The reason why women should be allowed to pursue high-income jobs and not be discriminated against on the basis of their sex is that they are not doing anything wrong in pursuing such careers. Pursuing an advanced career is a productive use of one’s life—and it is also selfish. To be selfish means to be concerned with one’s own interests, and being productive is in one’s own interest. If it is not wrong to be productive, then why is it wrong to be selfish? Likewise, it is in the self-interest of employers to hire and retain the most productive individuals they can, so it is in their self-interest to treat both men and women justly. If this principle of justice is morally right, then how can the selfish motive underlying it be morally wrong? (See “Morality: Who Needs It” in this issue.)
Sandberg says in her book that “rather than engage in philosophical arguments” she wants to provide practical solutions, but what she fails to consider is that philosophical ideas are at the root of what is really holding women back. Her book acknowledges that it is a prejudice that women should have different goals than men—that they should want to contribute to society and improve the lives of others. But she does not address why so many women have felt pressured to adopt these different goals. Women have felt an obligation to contribute to society and to help others because they embrace the baseless philosophical ideal of selflessness.
Having a child can be a selfish choice, granted that it in one’s own interests and aligns with one’s values. Having children can be an investment, just like putting more hours into work each week. It is an opportunity to nurture and cultivate the long-term development of another in the image of one’s own values. Like any other relationship between two individuals there are many benefits to be gained from the interaction, but not every relationship or friendship has the same value or any value at all. Therefore, whether one should have a child or not depends on the individual.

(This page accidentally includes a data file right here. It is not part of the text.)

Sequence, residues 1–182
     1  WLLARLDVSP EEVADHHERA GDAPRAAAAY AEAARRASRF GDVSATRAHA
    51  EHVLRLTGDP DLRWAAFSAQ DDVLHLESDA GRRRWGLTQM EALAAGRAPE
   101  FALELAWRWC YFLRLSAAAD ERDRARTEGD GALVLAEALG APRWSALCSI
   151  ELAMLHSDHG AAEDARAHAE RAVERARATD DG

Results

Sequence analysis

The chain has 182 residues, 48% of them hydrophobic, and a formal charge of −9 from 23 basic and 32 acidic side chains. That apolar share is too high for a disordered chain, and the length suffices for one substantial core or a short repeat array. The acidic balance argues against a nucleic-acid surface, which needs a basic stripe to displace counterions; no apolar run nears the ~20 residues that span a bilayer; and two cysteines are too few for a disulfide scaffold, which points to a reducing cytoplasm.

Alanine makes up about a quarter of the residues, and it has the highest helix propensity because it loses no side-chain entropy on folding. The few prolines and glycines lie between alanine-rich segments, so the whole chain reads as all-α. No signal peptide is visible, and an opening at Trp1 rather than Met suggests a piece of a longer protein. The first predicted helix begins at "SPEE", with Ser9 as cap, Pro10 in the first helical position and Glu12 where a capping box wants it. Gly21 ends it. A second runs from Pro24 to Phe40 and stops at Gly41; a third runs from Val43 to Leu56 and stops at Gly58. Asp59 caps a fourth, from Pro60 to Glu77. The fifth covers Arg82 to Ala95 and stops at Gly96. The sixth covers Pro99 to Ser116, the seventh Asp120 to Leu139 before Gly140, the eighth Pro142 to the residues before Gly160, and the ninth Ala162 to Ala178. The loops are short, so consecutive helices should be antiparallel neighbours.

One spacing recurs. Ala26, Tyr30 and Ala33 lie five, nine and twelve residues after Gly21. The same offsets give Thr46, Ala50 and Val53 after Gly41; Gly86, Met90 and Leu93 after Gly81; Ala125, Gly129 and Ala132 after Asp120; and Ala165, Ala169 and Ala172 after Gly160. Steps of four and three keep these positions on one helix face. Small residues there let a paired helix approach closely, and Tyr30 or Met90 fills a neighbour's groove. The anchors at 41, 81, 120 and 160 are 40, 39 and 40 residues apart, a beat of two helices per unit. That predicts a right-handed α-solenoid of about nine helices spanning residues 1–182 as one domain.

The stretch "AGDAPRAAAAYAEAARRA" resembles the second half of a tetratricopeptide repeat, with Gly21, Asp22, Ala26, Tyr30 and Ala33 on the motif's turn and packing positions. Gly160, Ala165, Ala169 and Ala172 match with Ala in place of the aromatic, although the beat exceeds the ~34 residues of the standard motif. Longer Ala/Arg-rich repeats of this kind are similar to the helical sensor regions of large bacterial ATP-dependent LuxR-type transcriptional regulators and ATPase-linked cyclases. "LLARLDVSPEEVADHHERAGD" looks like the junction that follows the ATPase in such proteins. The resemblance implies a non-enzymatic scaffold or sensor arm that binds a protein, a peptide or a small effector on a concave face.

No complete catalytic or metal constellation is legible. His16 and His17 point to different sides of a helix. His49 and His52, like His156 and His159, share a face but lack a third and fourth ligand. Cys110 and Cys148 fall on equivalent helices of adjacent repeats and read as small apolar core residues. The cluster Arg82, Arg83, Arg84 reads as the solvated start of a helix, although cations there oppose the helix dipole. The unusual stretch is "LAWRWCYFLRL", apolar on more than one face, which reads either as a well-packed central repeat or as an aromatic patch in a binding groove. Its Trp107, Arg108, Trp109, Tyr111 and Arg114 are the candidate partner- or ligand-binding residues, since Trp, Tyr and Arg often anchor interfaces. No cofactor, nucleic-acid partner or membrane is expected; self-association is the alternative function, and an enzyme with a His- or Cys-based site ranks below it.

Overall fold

Selfless parenting is bad parenting. When one does something not because one wants to do it, but because one feels it is one’s duty or obligation, one often doesn’t do it well. It is not unlike being asked to complete a task at work that one thinks is pointless, or which doesn’t have any long-term value and is not in one’s self-interest. Parenting is too important to be done reluctantly and drudgingly. Parenting out of duty leads to resenting one’s children, not loving them.
If we want women to move forward in the workforce and strive for greater success, we all need to lean in. Namely, we need to lean into the task of thinking for ourselves and seeking only what will be of value and of long-term benefit to ourselves. We must abandon the ideal of selflessness on philosophical grounds and embrace the morality of rational self-interest. The problem of our generation is not one of gender inequality, but rather of oppression by invalid moral ideals.
Sarah Martinson is a journalism student at Columbia College Chicago.